And so to today's question: what would the gay rights movement today look like without team sports? The answer, unfortunately, is that it would look a whole lot more successful. The percentage of out gay people in the general population so far outstrips the percentage of out gay people in professional team sports that the positioning of the decimal point becomes an embarrassment. Team sports eat the dust of social change these days, with every major legal milestone won off the pitch only drawing attention to the repressed yesterworld on it.

Football, for all its economic libertarianism and endlessly trumpeted modernity, is in this aspect socially backward. Of course, it isn't only football – rugby (union and league) and cricket have almost as dismal a record, as do team sports with lesser profiles. For all the influx of money and the futuristic pretensions of the past few decades, our most popular sport remains anachronistically rooted in the 20th century, while the rest of society progresses incrementally each year, a movement which only serves to highlight the widening gap. In Tuesday's Times, Matthew Parris observed that "anyone could have guessed that in the out-and-proud league, the world of sport would have lagged some way behind the world of ballet or show business, but I've been astonished to see it lag behind even the world of politics".

Still, football's ultra-conservatism is matched only by its ability to turn almost every conversation into one about itself. Tom Daley's video announcement that he was in a relationship with a man had barely hit the news this week before people were inevitably asking the so-called big one: "Yes, but what does this mean for football?"

Daley's going public has been widely hazarded to be a Good Thing for football, in that it might possibly, at some unspecified point, encourage one of the poor players who feel forced to carry a miserable secret feel more able to unburden themselves of it. But not yet. The advice from out-sportsman-turned-psychologist John Amaechi is to leave it till you retire, on the basis that being yourself still isn't anywhere near worth the trouble.

For a sport obsessed with ProZonery, quasi-sabermetrics and the cumulative value of eliminating even tiny disadvantages, I shouldn't think football has spent ten quid thinking about the potential detrimental financial impact to its "product" of players performing while carrying secret burdens or living this sort of lie (economic impact being the only language which experience suggests it cares to understand).

Then again, if you ever wonder quite how much of a toss top-flight football actually gives about the issue, you need only look at the pathetic response to Stonewall's innocuous recent campaign, which attempted to get as many players as possible to wear rainbow laces in games one weekend to highlight homophobia in the game. That the laces were delivered to the various grounds in Paddy Power boxes – despite being themselves unbranded – was sufficient for a whole slew of clubs to declare themselves out. (Out in the Dragons' Den sense – not out in "that way", obviously.) In fact, as mentioned in this column at the time, the responses from the clubs who felt they couldn't possibly get involved in such a gentle stunt were eerily similar – almost as if centrally controlled. Tottenham regretted there had been "no prior consultation with us and the Premier League", Chelsea lamented the "lack of consultation", Fulham pointed out "this campaign was initiated without consultation with clubs and the league"… and so on.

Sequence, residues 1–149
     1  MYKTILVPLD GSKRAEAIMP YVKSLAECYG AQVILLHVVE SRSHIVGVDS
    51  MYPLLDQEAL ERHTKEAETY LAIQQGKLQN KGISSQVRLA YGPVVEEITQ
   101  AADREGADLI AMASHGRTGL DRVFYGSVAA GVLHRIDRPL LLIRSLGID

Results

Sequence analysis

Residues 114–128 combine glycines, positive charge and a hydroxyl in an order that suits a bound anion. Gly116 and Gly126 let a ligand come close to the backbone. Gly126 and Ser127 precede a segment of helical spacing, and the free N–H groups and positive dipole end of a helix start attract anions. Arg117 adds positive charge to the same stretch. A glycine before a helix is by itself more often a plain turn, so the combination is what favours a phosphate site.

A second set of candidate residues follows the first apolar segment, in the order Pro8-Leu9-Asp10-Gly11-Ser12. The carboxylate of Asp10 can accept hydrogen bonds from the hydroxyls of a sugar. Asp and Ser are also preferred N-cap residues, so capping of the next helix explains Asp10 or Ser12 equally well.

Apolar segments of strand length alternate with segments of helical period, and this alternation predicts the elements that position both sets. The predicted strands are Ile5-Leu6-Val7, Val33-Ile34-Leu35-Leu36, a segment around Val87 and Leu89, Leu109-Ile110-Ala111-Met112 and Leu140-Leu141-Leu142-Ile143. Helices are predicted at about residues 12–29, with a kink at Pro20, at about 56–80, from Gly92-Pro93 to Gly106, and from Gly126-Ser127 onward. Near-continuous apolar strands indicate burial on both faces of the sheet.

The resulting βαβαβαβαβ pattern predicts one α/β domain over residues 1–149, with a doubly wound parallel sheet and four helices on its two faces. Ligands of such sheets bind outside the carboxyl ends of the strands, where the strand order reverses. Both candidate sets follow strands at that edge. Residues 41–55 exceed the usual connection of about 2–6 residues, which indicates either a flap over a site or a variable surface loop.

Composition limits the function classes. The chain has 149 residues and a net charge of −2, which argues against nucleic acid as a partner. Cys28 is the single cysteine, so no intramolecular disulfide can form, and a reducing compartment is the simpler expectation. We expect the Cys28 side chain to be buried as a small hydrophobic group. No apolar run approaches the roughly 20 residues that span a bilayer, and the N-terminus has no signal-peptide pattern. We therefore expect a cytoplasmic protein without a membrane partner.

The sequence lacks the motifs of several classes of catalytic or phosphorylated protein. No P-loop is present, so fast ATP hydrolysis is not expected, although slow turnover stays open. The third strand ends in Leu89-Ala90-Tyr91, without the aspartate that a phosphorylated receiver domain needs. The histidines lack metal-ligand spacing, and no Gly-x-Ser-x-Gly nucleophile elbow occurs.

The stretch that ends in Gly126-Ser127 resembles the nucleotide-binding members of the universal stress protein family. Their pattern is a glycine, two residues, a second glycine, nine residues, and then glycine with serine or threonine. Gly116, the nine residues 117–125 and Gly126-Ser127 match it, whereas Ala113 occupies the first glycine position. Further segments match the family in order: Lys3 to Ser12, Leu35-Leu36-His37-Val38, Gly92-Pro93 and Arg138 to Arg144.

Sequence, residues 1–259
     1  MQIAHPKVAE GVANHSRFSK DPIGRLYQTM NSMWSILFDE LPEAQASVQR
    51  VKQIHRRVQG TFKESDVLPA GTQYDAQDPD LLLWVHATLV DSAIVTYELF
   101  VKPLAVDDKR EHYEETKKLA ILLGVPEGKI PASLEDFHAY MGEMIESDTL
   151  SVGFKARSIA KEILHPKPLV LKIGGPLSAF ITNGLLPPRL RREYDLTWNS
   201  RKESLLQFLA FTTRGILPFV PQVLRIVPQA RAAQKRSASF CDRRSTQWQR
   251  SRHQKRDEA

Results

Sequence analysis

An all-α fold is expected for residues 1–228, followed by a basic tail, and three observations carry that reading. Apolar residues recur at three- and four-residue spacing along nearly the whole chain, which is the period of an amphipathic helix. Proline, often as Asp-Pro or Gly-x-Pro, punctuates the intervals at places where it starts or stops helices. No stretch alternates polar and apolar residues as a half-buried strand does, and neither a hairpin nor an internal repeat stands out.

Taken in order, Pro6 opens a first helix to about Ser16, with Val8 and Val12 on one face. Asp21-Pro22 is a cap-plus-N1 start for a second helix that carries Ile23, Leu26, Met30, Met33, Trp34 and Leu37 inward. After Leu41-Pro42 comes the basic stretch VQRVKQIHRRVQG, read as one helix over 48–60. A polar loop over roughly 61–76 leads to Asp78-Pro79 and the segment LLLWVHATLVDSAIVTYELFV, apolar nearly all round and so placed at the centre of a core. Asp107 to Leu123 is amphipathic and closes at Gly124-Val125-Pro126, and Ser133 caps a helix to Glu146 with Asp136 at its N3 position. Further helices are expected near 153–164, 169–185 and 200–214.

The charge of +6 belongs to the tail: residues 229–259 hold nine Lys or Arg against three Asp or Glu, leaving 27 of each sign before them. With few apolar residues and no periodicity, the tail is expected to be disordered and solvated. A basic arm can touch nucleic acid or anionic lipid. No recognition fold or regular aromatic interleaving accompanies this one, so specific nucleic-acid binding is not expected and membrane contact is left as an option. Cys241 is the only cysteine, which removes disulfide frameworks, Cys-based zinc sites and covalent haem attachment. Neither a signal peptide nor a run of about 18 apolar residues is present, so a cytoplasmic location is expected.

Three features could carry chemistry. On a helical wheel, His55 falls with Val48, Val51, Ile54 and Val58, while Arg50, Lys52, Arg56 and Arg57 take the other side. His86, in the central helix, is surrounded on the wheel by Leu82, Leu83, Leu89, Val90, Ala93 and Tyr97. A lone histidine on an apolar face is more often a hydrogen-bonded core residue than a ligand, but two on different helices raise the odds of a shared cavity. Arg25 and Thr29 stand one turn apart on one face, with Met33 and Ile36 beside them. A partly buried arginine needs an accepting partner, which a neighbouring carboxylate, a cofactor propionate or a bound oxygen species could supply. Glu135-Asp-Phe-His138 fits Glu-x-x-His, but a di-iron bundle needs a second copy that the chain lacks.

But why should they get their knickers in such a twist about "consultation" with the sainted Premier League, if they wanted simply to give their players the option of wearing some rainbow laces on a single afternoon? Ah well. When they find the absolutely perfectly acceptable pro-gay campaign, in precisely the packaging they prefer, and have cleared even the mildest detail with their Premier League overlords, then doubtless they'll let us know.
Still, it'll be a bit late, won't it? When the day finally comes that players can feel confident about coming out at any stage of their career, team sports will merely have caught up with social change, as opposed to being able to claim any meaningful part in its worthier victories. At the current rate of progress, gay people could have won the immensely complex battle of full equality under the law before a single out player has started a Premier League game – which is a funny order for things to have shaken down in, if not in a ha-ha sort of way.
Whoever would have thought that team sports were once one of the first arenas in which prejudicial barriers were broken down, as "different" types of people played side by side at the highest level in a way that made a mockery of wider society's insistence on clinging to those differences? It's almost as if, after the great progress made in the fight for racial equality, there was some pulling up of the drawbridge to prevent the cause of gay freedom being advanced in similar fashion.


Some people are so obsessed with this a man/women's sexuality is their business and no one else's if they want to reveal it publically that is their choice. Has anyone actually made a point of asking every footballer if he's straight or do we just assume they all are?